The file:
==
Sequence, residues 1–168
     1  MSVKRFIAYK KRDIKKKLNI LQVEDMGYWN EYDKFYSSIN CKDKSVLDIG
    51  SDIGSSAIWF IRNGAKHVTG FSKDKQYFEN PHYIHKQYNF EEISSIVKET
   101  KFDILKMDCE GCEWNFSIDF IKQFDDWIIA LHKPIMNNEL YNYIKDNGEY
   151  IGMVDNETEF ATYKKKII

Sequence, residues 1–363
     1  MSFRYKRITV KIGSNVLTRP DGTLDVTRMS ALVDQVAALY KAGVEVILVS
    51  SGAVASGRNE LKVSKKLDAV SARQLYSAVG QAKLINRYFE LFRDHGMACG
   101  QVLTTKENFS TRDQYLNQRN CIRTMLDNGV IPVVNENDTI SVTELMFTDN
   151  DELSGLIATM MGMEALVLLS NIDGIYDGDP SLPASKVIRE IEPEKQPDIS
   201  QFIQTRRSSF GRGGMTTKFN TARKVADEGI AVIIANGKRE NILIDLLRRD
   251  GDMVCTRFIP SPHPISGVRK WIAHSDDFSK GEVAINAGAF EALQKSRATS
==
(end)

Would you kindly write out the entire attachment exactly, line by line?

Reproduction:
Sequence, residues 1–168
     1  MSVKRFIAYK KRDIKKKLNI LQVEDMGYWN EYDKFYSSIN CKDKSVLDIG
    51  SDIGSSAIWF IRNGAKHVTG FSKDKQYFEN PHYIHKQYNF EEISSIVKET
   101  KFDILKMDCE GCEWNFSIDF IKQFDDWIIA LHKPIMNNEL YNYIKDNGEY
   151  IGMVDNETEF ATYKKKII

Sequence, residues 1–363
     1  MSFRYKRITV KIGSNVLTRP DGTLDVTRMS ALVDQVAALY KAGVEVILVS
    51  SGAVASGRNE LKVSKKLDAV SARQLYSAVG QAKLINRYFE LFRDHGMACG
   101  QVLTTKENFS TRDQYLNQRN CIRTMLDNGV IPVVNENDTI SVTELMFTDN
   151  DELSGLIATM MGMEALVLLS NIDGIYDGDP SLPASKVIRE IEPEKQPDIS
   201  QFIQTRRSSF GRGGMTTKFN TARKVADEGI AVIIANGKRE NILIDLLRRD
   251  GDMVCTRFIP SPHPISGVRK WIAHSDDFSK GEVAINAGAF EALQKSRATS